Re-Rooting Houston Dance: Houston Met Dance Works to Serve the Gap 

Late last May, the Houston dance community rattled with the news that Houston Met Dance (also Houston Metropolitan Dance Center, or HMDC) would close the doors of its studios at 2808 Caroline in Midtown. Over the next four months, students, dance artists, and supporters anxiously awaited news regarding its future, because as Houston Met Dance goes, so goes much of Houston dance. In a recent conversation with Founder and Artistic Director Michelle Smith and Board President Anne Sears, I learned about the HMDC’s new moves — a shift towards serving rather than creating and a return to the Museum District. 

Re-Imagining

“A ton of conversations,” and an openness to change, according to Smith and Sears, have characterized the transition of Houston Met Dance from a company-driven model to one that focuses on how to best support small, mid-career arts organizations. Sears stressed their attention to rendering the organization financially secure in order to ensure both the long-term viability of the institution and to more clearly align with their mission “To enhance the quality of life for individuals and society through the instruction and the performance of dance.” Evaluation of the HMDC’s programming alongside its expenditures revealed that their greatest impact lay in the studio and educational outreach. 

Accompanying the analysis of the organization’s structure, both Smith and Sears expressed the importance of listening — to board members, to institutions beyond Houston, to members of the community. As Sears explains, “It [HMDC] has been a consistent presence and kind of a nexus for the dance community for years, for decades, and we’ve seen how much that was valued during this time.”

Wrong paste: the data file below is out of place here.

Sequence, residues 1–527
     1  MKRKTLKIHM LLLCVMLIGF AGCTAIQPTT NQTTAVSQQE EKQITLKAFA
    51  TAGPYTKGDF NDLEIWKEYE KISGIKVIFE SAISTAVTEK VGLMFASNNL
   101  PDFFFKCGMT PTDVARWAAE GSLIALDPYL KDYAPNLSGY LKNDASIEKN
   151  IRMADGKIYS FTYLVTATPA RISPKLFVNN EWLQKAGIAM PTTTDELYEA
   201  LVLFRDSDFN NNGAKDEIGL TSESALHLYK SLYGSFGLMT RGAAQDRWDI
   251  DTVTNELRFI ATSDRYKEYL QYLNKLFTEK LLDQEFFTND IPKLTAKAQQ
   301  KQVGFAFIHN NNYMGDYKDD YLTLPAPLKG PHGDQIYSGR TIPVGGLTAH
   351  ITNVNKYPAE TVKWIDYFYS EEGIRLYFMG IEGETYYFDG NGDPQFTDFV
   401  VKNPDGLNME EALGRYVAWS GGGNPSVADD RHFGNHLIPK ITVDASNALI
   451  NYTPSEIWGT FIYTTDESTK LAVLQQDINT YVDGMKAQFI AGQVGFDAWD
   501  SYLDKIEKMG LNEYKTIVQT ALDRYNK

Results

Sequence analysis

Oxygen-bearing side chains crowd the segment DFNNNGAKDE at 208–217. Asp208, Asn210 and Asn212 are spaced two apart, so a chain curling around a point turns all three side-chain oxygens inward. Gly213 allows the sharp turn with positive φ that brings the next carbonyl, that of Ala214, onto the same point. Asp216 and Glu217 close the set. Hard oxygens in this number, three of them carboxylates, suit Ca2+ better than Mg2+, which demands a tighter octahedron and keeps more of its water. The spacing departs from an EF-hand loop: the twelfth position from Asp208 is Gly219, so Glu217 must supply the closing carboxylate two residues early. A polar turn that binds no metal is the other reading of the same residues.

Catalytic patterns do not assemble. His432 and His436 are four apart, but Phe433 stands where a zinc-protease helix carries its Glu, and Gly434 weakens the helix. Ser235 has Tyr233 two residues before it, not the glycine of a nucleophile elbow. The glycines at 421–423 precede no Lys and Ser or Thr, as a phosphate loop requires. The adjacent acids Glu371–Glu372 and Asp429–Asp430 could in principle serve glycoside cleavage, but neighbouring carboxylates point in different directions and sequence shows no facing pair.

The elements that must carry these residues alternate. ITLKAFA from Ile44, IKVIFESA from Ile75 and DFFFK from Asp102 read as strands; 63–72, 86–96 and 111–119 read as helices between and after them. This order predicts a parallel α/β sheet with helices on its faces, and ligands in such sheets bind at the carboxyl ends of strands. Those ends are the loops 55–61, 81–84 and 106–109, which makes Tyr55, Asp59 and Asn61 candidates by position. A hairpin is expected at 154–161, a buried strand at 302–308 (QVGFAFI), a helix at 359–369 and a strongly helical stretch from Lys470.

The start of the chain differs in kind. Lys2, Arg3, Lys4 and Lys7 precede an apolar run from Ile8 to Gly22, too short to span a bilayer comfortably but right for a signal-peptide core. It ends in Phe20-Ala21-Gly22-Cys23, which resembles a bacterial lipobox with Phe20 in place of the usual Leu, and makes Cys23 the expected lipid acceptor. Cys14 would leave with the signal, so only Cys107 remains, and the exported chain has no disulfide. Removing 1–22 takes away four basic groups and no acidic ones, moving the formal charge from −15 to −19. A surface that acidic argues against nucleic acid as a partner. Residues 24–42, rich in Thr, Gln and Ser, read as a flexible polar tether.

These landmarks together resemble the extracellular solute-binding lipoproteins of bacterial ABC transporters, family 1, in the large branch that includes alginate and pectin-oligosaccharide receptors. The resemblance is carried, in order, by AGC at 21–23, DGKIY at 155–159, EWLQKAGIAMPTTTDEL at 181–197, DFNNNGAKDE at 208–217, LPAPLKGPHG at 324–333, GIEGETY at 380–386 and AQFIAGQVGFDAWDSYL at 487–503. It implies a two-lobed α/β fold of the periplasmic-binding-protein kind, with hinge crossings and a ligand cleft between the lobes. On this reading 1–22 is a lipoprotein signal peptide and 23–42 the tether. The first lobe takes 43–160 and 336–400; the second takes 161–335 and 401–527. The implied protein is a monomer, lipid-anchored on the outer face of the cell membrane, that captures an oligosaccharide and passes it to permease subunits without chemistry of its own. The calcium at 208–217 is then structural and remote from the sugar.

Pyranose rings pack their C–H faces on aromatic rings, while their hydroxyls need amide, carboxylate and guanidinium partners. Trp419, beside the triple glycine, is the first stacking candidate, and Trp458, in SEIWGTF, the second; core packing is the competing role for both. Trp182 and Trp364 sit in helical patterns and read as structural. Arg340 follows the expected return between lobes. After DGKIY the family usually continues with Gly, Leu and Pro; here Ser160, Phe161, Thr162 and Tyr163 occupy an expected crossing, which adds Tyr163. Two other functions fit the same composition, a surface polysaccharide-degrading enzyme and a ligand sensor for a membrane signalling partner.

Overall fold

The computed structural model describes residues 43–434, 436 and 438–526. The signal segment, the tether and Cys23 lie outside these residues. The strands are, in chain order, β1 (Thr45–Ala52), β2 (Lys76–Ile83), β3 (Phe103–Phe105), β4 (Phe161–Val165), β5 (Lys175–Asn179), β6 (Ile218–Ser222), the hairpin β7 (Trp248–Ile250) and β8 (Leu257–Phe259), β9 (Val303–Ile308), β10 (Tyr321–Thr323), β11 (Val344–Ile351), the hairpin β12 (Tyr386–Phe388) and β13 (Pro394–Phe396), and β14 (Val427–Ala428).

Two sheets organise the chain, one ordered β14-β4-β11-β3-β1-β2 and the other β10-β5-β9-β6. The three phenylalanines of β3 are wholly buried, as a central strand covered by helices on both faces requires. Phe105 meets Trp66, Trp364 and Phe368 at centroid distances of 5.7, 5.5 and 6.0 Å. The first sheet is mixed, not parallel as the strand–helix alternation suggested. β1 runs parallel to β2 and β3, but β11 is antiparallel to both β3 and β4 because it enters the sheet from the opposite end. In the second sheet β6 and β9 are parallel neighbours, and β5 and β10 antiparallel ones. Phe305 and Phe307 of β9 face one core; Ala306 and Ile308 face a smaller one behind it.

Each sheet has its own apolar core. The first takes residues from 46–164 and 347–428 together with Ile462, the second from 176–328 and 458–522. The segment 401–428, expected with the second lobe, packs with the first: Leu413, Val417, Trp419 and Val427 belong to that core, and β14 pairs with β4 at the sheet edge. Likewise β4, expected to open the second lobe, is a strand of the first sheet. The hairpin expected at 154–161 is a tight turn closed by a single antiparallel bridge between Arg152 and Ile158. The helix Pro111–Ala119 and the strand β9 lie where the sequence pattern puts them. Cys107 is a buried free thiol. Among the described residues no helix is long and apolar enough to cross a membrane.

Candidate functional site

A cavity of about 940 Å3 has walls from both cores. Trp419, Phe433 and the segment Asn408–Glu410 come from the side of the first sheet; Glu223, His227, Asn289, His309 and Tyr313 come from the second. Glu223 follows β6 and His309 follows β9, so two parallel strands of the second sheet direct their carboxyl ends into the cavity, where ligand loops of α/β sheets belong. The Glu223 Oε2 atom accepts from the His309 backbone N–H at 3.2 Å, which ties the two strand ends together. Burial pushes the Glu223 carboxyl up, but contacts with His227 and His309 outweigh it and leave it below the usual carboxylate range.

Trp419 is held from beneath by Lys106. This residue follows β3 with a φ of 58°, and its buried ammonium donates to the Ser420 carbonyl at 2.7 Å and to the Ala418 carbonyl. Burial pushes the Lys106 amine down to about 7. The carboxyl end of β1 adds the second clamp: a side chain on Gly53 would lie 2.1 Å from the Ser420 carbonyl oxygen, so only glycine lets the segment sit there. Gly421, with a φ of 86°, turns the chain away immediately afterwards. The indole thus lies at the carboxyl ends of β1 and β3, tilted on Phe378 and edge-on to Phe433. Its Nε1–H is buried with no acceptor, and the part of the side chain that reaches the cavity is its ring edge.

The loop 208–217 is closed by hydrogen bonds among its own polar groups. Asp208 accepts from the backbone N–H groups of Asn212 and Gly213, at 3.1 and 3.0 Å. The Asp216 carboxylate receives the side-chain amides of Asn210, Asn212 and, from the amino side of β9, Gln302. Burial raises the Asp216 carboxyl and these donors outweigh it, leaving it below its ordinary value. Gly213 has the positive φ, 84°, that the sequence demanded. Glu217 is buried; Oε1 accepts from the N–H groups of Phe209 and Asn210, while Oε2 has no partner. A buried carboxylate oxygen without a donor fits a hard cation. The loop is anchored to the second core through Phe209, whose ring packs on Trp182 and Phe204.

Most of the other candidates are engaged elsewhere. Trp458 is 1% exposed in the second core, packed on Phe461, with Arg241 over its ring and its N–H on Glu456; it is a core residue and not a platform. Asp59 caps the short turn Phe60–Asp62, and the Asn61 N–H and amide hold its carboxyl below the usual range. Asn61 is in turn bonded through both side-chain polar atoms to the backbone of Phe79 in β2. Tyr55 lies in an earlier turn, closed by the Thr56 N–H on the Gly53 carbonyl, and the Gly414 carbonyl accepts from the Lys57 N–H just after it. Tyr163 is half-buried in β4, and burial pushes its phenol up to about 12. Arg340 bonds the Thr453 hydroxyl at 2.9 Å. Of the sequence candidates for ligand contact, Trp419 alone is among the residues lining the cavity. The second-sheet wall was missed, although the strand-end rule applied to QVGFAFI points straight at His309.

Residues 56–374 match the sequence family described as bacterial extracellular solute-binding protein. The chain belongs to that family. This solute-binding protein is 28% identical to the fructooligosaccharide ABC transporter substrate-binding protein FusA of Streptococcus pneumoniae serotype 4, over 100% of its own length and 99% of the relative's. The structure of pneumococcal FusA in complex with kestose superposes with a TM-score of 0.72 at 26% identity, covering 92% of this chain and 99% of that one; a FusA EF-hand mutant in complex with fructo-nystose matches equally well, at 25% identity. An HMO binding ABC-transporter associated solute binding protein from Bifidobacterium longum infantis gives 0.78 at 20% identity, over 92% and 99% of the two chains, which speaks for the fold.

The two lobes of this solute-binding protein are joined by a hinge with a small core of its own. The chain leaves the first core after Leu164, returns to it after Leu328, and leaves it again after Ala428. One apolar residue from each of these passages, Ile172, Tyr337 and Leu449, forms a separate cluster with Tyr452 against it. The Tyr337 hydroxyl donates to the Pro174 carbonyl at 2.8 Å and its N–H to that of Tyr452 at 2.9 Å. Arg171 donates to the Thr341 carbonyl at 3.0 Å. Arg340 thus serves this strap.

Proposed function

While the necessary streamlining resulted in the decision to disband the professional company, HMDC’s innumerable connections with schools, arts organizations, and individual artists remain. Responsive leadership that balances new perspectives with institutional knowledge has shepherded Houston Met Dance through the tumult. Smith specifically credits the contributions of Sears and Board Treasurer Cecilia Winters-Morris, asserting that “Both were steadfast in their beliefs in the organization, what our programming does for the community and the future of where we are going.”

Re-Connecting

The physical and ideological movement of Houston Met Dance provides an opportunity for the organization to reestablish itself as a hub for collaboration, in particular for mid-career and small arts organizations. Smith and Sears aim to create a space in which everyone feels comfortable, from the dance community to the general public, in addition to opening their doors to theater organizations that have similarly suffered from a recent spate of space closures and company foldings. Smith envisions the new studio as an arena for mentorship, where those who have done the work may assist those who want to do the work with the ins and outs of presenting live performance in Houston. “Our ecosystem is very full of individuals who are very talented,” Smith observes, “ That’s the problem — It’s a whole group of individuals. So, we want to try to get everybody together so that they feel … more like a community.” Furthermore, the studio will serve as an incubator for ongoing work without the pressure of an outcome of performance, in part by leaving time in the studios available in the evenings to accommodate those many groups whose performers work full-time day jobs.